Midwest Environmental Consulting Services, Inc. (MEC) performs on-site inspections, risk assessments, and final clearance evaluations to identify lead-based paint (LBP) within commercial and public buildings. Our team of state-licensed inspectors and risk assessors have extensive experience in determining the presence of lead-based paint and associated hazards in the dust, water, and soil.
Our non-destructive, lead-based paint building inspections are completed using X-Ray Fluorescent (XRF) technology or paint chip sampling. We test all painted surfaces inside and outside the building that are being considered for renovation.
Inspections can be performed on a limited or comprehensive basis. All inspections are per Hud guidelines in the Renovation, Repair, and Painting Rule (RRP). Final reports identify the specific areas tested and document the measurement readings of any identified lead-based paint.
- Lead Project Design
Lead Abatement Design Specifications
Lead Project Management
All samples are examined by a licensed analyst from an independent third-party laboratory which is accredited by the United States Environmental Protection Agency (EPA) and takes part in the National Voluntary Laboratory Accreditation Program (NVLAP).
According to the EPA:
“Lead can enter drinking water through corrosion of plumbing materials, especially where the water has high acidity or low mineral content that corrodes pipes and fixtures.
Corrosion is a dissolving or wearing away of metal caused by a chemical reaction between water and your plumbing. A number of factors are involved in the extent to which lead enters the water including the chemistry of the water (acidity and alkalinity), the amount of lead it comes into contact with, how long the water stays in the plumbing materials, and the presence of protective scales or coatings inside the plumbing materials.”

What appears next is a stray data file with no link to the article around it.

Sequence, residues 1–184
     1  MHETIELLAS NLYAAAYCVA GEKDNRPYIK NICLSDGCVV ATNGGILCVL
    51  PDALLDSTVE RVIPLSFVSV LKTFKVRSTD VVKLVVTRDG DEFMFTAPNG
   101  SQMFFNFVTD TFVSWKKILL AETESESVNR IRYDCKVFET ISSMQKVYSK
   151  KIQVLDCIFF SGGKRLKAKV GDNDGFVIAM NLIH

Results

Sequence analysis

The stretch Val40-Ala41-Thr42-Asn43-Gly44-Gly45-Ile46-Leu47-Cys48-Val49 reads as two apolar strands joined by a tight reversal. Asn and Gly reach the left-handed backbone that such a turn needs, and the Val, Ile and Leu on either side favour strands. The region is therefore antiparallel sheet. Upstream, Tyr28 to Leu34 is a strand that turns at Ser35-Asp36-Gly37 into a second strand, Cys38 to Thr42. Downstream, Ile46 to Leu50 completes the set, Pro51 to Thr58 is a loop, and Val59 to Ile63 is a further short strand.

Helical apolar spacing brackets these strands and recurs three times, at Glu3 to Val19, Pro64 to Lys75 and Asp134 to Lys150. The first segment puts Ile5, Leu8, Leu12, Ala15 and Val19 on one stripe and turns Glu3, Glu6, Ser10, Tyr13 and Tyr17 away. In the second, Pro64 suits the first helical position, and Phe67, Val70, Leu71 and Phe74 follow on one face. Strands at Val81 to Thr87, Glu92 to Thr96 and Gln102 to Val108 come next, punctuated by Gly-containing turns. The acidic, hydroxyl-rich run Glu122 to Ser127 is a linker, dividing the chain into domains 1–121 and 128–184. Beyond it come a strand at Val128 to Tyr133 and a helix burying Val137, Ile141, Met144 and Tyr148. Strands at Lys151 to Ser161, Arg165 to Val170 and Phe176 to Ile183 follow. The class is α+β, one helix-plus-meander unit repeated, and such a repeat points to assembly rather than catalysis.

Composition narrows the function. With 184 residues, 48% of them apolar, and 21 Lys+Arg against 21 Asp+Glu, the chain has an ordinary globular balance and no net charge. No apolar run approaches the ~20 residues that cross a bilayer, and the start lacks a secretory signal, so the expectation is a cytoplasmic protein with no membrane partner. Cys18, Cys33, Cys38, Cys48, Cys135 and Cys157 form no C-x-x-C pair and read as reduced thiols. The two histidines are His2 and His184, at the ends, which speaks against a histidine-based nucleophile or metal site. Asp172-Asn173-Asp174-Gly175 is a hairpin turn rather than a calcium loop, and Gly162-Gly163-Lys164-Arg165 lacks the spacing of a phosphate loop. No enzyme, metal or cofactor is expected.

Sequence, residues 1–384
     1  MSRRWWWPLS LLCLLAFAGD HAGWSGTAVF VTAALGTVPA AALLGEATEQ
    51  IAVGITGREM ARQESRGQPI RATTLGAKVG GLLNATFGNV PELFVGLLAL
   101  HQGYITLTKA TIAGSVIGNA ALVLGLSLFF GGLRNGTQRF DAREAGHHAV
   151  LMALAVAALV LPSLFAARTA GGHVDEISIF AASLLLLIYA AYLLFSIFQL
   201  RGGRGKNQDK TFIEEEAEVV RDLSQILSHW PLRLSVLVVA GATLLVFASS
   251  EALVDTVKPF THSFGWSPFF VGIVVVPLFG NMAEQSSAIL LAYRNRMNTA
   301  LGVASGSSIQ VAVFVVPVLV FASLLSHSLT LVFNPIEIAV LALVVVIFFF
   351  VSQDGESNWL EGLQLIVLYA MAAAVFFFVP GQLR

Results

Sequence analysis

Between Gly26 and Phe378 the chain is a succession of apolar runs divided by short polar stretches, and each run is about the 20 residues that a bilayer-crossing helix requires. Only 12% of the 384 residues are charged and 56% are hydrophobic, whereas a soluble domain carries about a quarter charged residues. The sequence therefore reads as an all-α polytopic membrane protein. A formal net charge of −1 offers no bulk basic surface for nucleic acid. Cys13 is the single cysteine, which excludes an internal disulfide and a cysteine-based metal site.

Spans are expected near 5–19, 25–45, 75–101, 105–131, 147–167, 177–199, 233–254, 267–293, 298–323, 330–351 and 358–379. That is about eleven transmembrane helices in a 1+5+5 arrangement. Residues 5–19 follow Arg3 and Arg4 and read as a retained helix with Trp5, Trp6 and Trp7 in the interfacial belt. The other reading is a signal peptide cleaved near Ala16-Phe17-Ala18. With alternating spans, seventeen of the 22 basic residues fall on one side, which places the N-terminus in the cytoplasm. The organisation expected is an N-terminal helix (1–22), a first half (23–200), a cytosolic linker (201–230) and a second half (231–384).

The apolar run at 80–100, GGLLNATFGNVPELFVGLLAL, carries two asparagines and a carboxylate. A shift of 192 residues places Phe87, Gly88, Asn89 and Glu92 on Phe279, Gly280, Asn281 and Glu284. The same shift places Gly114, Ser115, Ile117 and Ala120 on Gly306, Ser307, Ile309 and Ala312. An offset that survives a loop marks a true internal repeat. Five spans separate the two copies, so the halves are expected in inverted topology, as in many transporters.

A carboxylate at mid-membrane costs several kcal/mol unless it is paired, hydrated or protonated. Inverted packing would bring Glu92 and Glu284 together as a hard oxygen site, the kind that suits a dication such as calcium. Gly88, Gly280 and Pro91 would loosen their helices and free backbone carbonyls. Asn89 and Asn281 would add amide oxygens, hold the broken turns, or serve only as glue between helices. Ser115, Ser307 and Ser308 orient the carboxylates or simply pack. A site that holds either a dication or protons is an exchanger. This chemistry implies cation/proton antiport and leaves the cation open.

To address lead in drinking water, MEC professionals can collect drinking water and soil samples for analysis to characterize the source of lead within the environment.
The Dangers of Lead
In 1978, lead-based paint was banned in the US due to its toxicity to humans. Facilities built before 1978 are likely to have the presence of lead-based paint before a renovation. In many cases, lead poisoning is the result of deteriorating paint or high levels of lead in dust within the building. As a result, it is necessary for facilities to identify the presence of lead prior to renovating or demolishing.
Lead can cause damage to the brain and other vital organs and can also cause behavioral problems, learning disabilities, seizures, and in some extreme cases, death. Comprehensive lead inspections are especially crucial for child-occupied facilities such as schools, as children can experience lead poisoning without showing any apparent symptoms.
After it is determined that lead remediation is required, MEC will identify different options and offer recommendations in your best interest for carrying out the project. We will assess the scope of the project and conduct the formal bidding process on your behalf. After the contractor bids have been obtained, MEC will suggest the most qualified bidder for your project.